While the overall median daily screen time was about 2.2 hours, longer screen time was associated with higher intake of energy (74 kcal) and lower intake of vegetables & fruit (- 0.3 serving/1000 kcal).
This unhealthy “effect” of screen time on diet appeared even stronger among children with overweight.
Thus, there is no doubt that the study shows that,
“Screen time is associated with less desirable food choices, particularly in overweight children.”
The question of course remains whether or not this relationship is actual causal or in other words, does watching more television lead to an unhealthier diet (I am guessing no one assumes that eating an unhealthier diet leads to more TV watching).
Unfortunately, this is not a question that can be answered by this type of research.
Nor, is this type of research likely to predict whether or not reducing screen time will get the kids to eat better.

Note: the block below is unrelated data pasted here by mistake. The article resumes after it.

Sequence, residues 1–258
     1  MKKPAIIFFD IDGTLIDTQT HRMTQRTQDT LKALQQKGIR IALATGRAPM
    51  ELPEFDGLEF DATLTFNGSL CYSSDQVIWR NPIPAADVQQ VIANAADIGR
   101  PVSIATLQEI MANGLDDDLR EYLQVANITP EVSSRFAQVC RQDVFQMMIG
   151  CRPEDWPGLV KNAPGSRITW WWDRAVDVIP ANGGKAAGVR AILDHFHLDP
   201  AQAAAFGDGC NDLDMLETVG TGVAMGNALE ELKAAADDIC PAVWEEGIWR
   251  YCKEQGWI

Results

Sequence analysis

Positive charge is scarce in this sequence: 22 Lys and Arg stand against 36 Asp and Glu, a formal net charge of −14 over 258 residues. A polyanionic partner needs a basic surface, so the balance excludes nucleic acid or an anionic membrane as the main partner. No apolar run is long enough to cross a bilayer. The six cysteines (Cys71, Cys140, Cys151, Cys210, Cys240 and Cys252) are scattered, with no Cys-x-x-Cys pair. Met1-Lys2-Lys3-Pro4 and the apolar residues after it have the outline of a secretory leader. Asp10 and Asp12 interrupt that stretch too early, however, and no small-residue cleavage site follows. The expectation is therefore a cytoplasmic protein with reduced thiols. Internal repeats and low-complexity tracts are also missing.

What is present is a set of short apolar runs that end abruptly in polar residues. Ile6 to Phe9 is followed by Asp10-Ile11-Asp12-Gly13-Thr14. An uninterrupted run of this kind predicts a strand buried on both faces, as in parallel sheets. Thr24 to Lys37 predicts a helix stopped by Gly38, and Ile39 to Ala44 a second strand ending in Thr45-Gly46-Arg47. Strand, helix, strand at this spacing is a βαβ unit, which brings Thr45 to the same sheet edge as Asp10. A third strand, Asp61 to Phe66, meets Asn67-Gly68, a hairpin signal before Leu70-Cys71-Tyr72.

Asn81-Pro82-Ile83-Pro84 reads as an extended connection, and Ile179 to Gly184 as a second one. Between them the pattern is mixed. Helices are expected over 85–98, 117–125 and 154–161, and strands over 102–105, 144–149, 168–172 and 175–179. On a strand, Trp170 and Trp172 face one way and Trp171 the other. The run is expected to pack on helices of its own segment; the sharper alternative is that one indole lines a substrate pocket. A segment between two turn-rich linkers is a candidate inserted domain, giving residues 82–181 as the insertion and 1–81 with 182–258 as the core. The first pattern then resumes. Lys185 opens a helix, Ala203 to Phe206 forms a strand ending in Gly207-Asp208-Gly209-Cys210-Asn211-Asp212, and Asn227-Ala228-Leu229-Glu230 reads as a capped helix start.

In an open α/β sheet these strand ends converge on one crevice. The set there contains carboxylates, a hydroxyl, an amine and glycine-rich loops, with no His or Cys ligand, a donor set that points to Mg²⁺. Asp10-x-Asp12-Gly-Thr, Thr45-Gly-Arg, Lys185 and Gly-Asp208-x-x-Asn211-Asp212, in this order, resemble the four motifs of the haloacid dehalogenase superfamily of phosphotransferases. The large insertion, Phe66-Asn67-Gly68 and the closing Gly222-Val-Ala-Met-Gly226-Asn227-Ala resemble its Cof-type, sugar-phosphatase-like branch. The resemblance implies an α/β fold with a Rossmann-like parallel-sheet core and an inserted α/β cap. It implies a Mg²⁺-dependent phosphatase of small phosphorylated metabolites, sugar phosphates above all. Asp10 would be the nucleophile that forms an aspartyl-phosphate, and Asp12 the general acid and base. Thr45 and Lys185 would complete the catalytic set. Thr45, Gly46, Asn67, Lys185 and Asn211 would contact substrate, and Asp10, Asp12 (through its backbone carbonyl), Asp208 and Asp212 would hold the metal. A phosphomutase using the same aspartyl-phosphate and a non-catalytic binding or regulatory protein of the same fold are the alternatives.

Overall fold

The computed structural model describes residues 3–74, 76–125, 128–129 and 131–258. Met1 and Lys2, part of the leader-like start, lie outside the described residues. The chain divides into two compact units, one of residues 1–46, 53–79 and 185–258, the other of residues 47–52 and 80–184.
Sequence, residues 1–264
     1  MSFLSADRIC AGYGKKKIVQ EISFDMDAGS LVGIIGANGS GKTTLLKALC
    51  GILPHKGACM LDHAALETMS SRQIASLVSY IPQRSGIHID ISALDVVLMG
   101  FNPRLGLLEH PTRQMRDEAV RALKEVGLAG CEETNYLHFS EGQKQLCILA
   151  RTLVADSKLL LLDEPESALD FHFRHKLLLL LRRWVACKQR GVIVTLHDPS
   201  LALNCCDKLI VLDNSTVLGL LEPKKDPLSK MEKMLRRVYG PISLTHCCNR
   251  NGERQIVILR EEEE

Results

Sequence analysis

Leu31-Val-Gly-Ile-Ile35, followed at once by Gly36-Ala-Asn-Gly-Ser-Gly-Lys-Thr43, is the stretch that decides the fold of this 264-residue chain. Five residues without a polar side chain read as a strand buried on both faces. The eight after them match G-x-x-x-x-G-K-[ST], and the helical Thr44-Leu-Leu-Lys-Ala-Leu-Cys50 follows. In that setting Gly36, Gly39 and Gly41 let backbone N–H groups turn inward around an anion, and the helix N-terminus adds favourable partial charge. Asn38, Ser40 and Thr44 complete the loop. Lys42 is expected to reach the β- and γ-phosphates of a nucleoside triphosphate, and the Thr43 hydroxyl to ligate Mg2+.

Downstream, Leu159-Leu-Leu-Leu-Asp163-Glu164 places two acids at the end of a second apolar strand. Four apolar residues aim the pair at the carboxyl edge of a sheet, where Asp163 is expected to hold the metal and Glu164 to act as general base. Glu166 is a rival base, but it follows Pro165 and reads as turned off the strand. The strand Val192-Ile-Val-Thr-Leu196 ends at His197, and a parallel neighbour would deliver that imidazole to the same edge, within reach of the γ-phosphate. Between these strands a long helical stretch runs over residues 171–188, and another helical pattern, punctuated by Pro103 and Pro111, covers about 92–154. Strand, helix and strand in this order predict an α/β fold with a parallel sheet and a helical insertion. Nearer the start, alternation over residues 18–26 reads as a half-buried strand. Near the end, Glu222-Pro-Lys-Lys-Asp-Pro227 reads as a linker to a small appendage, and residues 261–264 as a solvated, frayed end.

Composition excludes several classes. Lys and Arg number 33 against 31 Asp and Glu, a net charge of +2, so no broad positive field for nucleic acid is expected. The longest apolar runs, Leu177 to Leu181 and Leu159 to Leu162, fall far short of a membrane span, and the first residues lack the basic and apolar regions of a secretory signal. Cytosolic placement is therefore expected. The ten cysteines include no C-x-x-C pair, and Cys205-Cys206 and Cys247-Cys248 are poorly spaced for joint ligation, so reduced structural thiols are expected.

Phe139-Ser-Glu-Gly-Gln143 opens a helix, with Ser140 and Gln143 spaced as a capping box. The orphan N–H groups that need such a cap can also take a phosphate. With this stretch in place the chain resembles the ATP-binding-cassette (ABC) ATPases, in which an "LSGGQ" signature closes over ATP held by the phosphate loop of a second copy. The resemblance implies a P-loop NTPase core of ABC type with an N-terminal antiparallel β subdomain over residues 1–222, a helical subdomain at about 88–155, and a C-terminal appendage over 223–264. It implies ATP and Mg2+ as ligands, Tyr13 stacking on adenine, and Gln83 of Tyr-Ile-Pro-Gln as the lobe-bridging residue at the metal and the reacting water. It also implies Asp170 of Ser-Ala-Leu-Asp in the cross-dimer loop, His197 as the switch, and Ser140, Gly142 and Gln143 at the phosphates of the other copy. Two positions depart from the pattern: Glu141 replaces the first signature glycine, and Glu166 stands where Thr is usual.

Indeed, it doesn’t take a lot of imagination to come up with other explanations for these findings that would not require any assumption of a causal link between eating behaviours and television watching.
For one, TV watching could simply be a surrogate measure for parenting style – perhaps parents that let their kids watch a lot of TV are also less concerned about the food they eat.
And, for all we know, reducing TV time may (e.g. by cutting the kids off from TV – or cutting the parents off from a convenient babysitter) in the end make the kids eating behaviours even worse.
Who knows – that’s exactly the point – who knows?
To be fair, the authors are entirely aware of the limitations of such studies: